One of our neighbors, a 112' yacht, bouncing in their slip. It was a rough night.

From here, though, we did get to watch the sunsets right from our deck if we so chose, and we also got to watch the cruise ships come and go, as well as the shenanigans of their passengers. The resort also has a rooftop bar, aptly named the Sunset Deck, which is one of the best places in all of Key West to watch the sunset. It's open to the public but little-known and so uncrowded.

View from the Sunset Deck. The quayside below gets crowded every night at sunset.

We put the scooters on the ground the first day, parking them in the free dedicated scooter area of the hotel's garage. Scooters are ubiquitous here, and every block has free scooter parking, whereas parking for cars is scarce and pricey. I rate it as the most scooter-friendly city in the US, at least of those we've visited thus far.

Even though we had the scoots available, being so close to Duval street, we mostly walked everywhere. We visited many of our old haunts for dinner, and enjoyed strolling around the Mallory Square area of Old Town and into the Truman Annex, open to pedestrians during the day. It was a bit of a different view of the city from our previous visits.

This was typical of our view, one of the larger ships to call here. Boats coming and going from the north basin of our marina actually have to go under her bow lines.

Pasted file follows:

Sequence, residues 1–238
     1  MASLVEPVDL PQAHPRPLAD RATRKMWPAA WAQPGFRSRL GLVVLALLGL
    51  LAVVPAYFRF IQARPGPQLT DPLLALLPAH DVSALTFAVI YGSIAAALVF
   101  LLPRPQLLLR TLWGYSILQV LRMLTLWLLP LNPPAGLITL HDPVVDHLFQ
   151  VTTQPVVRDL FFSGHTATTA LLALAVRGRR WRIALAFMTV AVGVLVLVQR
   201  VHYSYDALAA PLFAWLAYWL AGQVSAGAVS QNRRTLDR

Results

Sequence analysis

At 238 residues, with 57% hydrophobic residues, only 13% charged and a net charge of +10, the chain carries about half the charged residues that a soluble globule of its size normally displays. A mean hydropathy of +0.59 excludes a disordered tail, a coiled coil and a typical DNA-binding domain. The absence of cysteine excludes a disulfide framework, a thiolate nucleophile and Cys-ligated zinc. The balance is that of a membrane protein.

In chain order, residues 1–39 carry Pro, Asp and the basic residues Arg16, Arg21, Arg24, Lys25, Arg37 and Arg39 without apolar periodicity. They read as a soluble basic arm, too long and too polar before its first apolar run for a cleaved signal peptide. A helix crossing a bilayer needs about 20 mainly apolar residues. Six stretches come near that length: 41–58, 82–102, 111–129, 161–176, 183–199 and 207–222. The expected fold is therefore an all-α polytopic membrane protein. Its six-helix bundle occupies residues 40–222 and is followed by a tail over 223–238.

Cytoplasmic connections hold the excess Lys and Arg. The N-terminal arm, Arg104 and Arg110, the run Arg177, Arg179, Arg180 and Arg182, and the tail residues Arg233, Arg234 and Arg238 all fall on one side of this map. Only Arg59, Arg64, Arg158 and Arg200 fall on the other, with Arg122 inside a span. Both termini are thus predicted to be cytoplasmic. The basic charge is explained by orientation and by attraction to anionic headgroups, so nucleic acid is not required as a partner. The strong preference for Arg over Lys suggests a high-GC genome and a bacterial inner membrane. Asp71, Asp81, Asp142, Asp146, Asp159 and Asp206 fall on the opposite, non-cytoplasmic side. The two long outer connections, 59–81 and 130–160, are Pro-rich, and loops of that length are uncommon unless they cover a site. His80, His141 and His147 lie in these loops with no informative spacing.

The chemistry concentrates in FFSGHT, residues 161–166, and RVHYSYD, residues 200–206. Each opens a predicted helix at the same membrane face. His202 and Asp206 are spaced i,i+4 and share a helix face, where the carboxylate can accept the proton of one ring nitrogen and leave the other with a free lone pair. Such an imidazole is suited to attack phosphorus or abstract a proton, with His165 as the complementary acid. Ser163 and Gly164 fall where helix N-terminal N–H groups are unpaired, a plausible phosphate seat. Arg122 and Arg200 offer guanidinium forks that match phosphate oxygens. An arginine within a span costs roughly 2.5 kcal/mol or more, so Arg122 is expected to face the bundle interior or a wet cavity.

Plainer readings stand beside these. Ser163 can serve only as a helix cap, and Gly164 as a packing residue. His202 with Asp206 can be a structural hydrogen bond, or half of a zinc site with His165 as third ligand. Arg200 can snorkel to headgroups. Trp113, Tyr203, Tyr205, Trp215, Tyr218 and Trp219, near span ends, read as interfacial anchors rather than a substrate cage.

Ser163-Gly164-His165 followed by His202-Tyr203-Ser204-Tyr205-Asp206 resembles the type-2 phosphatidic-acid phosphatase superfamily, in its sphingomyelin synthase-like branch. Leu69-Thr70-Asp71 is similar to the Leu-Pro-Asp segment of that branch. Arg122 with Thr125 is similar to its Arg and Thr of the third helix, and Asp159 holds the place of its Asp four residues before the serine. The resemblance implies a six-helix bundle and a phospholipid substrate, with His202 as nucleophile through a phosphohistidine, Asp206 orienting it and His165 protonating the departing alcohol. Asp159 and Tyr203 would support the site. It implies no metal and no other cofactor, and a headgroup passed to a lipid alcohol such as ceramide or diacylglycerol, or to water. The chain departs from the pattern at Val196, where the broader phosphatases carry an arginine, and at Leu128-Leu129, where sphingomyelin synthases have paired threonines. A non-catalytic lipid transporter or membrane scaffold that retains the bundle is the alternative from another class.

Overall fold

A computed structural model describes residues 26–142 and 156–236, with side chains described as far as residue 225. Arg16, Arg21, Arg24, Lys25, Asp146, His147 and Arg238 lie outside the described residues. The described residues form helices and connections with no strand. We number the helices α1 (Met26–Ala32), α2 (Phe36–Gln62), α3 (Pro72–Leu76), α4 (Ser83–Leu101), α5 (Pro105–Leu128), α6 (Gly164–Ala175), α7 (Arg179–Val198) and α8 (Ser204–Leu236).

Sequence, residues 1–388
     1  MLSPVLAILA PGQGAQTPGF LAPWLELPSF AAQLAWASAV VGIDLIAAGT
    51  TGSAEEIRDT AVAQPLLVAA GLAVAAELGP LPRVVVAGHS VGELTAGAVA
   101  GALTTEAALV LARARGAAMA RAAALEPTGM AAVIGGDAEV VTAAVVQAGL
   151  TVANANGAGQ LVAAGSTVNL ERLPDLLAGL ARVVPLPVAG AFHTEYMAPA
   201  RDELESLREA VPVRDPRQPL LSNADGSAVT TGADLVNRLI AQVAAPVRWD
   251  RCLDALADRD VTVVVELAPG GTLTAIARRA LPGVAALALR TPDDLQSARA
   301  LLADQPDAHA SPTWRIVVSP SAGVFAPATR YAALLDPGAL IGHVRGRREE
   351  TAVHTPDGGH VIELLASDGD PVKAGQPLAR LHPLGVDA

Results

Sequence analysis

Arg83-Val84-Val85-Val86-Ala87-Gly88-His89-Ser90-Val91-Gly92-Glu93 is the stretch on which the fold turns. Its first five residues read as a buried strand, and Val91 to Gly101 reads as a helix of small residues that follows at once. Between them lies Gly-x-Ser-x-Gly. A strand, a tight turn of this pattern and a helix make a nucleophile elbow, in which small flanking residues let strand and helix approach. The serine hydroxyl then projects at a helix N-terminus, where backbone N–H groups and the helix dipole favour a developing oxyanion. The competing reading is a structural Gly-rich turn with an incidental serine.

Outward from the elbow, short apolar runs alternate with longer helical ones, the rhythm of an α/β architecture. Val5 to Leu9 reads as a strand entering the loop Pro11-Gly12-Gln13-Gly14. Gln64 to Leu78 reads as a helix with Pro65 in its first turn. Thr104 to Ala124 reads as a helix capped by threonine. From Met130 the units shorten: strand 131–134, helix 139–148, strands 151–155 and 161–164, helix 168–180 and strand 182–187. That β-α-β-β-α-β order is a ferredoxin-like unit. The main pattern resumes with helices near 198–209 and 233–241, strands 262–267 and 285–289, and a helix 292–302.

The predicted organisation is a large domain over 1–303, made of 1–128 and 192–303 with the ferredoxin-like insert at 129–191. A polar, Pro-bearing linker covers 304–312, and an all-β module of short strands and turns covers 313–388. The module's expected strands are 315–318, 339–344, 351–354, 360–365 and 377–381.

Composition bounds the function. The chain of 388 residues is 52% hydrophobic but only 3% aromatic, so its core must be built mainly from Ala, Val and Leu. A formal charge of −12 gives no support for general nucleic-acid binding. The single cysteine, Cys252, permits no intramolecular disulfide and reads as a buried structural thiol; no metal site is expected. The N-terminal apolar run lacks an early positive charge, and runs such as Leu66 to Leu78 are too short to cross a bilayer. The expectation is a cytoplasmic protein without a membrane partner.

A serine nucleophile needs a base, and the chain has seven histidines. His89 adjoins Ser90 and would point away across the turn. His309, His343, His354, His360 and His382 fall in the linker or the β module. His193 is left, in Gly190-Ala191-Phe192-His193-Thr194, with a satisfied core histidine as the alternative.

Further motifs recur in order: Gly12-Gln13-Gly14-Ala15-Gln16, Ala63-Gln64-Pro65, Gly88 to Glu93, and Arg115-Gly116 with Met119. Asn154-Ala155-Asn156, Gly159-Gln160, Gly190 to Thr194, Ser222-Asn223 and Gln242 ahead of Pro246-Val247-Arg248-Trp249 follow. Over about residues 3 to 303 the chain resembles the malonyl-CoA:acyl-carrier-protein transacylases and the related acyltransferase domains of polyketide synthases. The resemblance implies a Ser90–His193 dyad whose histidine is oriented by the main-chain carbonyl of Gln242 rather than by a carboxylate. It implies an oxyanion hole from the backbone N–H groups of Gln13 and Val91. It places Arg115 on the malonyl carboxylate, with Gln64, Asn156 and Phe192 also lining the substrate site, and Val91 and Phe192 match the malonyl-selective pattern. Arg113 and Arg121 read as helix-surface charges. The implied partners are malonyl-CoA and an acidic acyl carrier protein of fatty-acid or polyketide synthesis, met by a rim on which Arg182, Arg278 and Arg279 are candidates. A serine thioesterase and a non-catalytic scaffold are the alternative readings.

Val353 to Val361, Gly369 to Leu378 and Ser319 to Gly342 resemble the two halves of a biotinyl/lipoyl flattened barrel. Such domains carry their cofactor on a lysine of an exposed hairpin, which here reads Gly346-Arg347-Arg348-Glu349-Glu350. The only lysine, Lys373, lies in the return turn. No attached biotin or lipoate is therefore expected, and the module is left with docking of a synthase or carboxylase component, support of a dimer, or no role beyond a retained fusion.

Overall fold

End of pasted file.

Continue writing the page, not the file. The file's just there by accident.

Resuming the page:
Our friends Dorsey and Bruce, on their beautiful American Tug, Esmeralde, were also in town, staying at the Galleon over in the Bight, and we connected with them for dinner twice. It was nice catching up, and Bruce lent me his SWR meter for my investigation into some VHF radio issues we've been having. We're hoping to run into them later in the year in their home waters of the northeast.

We also connected on our final evening with fellow Great Loopers Sam and Revina, whom we had met in Schenectady and again in Joliet. We were mostly within a few dozen miles of each other for much of the way around, but somehow kept missing one another. It was great to finally meet up over a meal. We hope we'll see them again in the Fort Lauderdale area as they continue north.

Cocktails with Rev and Sam on the Sunset Deck.

In addition to relaxing and enjoying Key West, I got a few projects done around the boat. Those included replacing a busted connector on the davit for the wired remote, adding a dedicated switch on the davit so it can still be operated if the remote fails, testing the VSWR of the VHF radios, and replacing the macerator pump.